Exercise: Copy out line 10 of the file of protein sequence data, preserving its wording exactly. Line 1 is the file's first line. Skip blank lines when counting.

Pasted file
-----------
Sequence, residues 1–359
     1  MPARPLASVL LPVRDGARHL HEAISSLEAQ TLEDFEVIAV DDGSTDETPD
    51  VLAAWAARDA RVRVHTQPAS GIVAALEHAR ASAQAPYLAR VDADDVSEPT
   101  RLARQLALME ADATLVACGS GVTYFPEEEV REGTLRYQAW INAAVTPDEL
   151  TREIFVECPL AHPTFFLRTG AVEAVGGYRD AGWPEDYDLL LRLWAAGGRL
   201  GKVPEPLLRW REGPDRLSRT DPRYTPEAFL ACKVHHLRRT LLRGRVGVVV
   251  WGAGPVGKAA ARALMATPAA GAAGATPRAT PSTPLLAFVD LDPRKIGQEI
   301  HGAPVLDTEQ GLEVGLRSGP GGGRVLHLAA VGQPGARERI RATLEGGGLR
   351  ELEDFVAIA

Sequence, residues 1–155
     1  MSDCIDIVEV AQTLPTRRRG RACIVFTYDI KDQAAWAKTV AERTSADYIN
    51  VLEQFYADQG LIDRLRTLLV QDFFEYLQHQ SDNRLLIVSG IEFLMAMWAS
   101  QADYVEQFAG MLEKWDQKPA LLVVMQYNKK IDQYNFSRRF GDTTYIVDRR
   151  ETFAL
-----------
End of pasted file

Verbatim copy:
Sequence, residues 1–155